Wednesday, March 5, 2014

Civilian Conservation Corps

"My dad was for it 100 per cent, I’ll tell ya," remembered Vic Martinac. 'This will tame you down,' he said.'" Martinac had graduated from Annunciation High School in June, 1940, but as the Great Depression lingered, was having a hard time finding a job. Afraid he'd get into trouble, Martinac's dad urged him to sign up for the Civilian Conservation Corps, a New Deal Program for unmarried young men ages 18 - 25 who were unable to find jobs. "I had to go downtown, next to the courthouse, to sign up. I took an oath and became part of the government."
One of the most popular of President Roosevelt's programs, the CCC operated from 1933 to 1942, providing work for 3 million men while implementing needed conservation and construction projects in every state.
Martinac remembered, "They transported us to different camps along the mountainside west of Colorado Springs, near the Garden of the Gods. We built barrier walls, walking paths and a pretty good-sized dam. We got a lot done in six months.
"It was pretty programmed - the projects were all lined up - where we were going and how we were going to do the work.We got up at 5 o’clock and we were on the terrain at 7 am. It gave you time to get breakfast, go scrub your teeth and go again.
"We lived in quonset huts, got three meals a day and all our shots for typhoid and smallpox. That was a lot more food and medical care than a lot of guys were used to getting. I got paid a dollar a day, but I could only keep five dollars. The rest went home to my mother."
Martinac wasn't the only Globeville resident who benefited from the program. Joseph Shaball Sr., a veteran of World War I, was laid off from his job with the city of Denver at the beginning of the Depression. His son, Joe Shaball Jr., talked about his dad's experience, "It was terrible. My dad hadn’t worked for three years when he got a job with the CCC as a foreman building Red Rocks Amphitheater."
Experience gained in the CCC helped men find work after the Depression. Shaball recounted,"After my dad worked for the Cs for several years, he got a job with the mint until he retired."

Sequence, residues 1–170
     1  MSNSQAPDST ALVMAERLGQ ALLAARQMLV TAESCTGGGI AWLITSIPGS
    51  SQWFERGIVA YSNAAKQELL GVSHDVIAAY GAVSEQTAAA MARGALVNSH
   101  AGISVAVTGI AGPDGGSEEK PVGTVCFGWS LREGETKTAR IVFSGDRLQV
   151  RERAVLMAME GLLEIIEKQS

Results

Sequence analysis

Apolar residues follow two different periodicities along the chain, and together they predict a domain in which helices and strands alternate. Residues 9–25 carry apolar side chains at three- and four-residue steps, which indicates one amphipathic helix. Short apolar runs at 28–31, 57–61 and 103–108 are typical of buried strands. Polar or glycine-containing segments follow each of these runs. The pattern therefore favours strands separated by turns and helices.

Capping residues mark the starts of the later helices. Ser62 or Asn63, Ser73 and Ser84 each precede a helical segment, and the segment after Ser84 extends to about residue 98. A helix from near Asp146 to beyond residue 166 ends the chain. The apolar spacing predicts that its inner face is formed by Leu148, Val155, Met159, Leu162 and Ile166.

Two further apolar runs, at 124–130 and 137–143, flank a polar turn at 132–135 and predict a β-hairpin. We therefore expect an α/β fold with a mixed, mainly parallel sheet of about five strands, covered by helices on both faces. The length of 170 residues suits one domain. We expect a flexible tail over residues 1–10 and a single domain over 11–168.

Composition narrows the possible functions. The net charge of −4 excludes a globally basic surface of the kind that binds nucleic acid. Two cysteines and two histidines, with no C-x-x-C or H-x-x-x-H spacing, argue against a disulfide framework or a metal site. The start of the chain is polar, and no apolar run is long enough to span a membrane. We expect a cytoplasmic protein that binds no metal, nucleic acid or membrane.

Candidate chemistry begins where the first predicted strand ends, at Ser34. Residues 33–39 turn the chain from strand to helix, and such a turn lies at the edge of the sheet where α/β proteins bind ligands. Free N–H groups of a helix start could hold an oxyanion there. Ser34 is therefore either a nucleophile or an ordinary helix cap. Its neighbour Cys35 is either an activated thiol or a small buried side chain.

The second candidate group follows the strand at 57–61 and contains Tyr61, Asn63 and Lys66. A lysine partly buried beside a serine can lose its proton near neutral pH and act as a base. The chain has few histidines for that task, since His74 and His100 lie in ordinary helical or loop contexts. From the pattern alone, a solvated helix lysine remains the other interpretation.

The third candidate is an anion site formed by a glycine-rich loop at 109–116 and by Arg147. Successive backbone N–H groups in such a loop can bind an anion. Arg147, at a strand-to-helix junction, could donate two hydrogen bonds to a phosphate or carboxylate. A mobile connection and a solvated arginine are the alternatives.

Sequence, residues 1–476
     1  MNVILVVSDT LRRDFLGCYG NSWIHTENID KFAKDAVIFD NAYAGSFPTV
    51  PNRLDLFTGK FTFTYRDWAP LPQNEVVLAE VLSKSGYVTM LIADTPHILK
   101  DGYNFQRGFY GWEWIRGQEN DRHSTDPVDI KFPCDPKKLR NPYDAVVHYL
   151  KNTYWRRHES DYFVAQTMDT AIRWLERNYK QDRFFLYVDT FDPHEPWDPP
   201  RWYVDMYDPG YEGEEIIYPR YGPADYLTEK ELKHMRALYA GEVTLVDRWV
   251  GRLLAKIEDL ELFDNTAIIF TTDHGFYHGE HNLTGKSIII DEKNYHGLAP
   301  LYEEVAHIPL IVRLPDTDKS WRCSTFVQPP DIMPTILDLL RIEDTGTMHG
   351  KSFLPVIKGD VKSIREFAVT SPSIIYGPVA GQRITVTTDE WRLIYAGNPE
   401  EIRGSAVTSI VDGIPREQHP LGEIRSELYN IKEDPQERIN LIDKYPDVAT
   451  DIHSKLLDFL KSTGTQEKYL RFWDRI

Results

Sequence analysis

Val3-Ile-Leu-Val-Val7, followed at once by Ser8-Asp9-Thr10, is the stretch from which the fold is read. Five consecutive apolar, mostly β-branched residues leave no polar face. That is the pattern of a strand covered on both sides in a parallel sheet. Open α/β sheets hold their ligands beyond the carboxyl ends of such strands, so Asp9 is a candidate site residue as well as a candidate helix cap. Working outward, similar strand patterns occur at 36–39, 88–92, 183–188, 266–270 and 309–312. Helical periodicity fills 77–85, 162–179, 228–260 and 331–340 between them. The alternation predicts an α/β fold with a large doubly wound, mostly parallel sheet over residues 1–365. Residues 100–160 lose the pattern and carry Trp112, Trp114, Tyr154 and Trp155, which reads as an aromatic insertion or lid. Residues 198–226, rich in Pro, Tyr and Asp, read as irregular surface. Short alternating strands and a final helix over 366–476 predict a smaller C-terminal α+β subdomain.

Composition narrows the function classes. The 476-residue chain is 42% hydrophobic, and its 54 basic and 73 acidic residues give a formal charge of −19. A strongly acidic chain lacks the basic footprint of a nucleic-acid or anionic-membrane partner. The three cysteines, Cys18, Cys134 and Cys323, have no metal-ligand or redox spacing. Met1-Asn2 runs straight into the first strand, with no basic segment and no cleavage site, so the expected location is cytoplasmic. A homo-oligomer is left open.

Martinac also benefitted from the experience."I went to work for the Union Pacific Railroad when I got out of the Cs as a pipe fitter apprentice. Being in the CCC helped me get the job because it showed I wasn’t a lackluster personality, that I had responsibility. Responsibility was a key word in those days."

Company 184 in 1936. Left to Right: Foreman Eugene Streich, Foreman William S. Nelson, Foreman J. E. Cummins, Engineer Andrew J. Collins, Engineer Joseph Shaball, Foreman Herschel J. Wright, and Camp Commander, James Solan.
photo from History of the Civilian Conservation Corps in Colorado, Summer 1936; Littleton District and Grand Junction District. Compiled by L.A. Gleyre and C.N. Allerger, Denver, Colorado. Western Newspaper Union.

Private Joseph Shaball in his World War I uniform

Monday, February 17, 2014

Joseph Anton Zalar

When the Globeville Veteran's Monument was dedicated in 1948, there were 16 names inscribed on the memorial. The name of Joseph Zalar would be added four years later, the only listing from the Korean War.
Joseph Yelenick remembered, "He didn't have to go - that's the thing - but he didn't have any plans after high school, so he enlisted. He had this great car, a pretty little coupe, and he asked his mother to take care of his car while he was in the service. He was killed and his mom was driving around in this really fancy car."
Joseph was the son of Anton and Mollie Zalar and, with his older sister, Betty Ann, attended Holy Rosary School. Friends remember his as friendly, optimistic and having some artistic talents, which were evident in his drawings and sketches.
A member 17th Infantry Regiment, 7th Infantry Division, Joseph was killed in action November 22, 1951. In addition to the Globeville memorial, Joseph is remembered on the Colorado Freedom Memorial,  Panel: 20, Column: 3, Row: 64.

Colorado Freedom Memorial

Joseph Zalar is the second from left in the back row, 
eighth grade graduating class from Holy Rosary School, 1943

Joseph Anton Zalar

Friday, January 31, 2014

Harold Henry Dahmer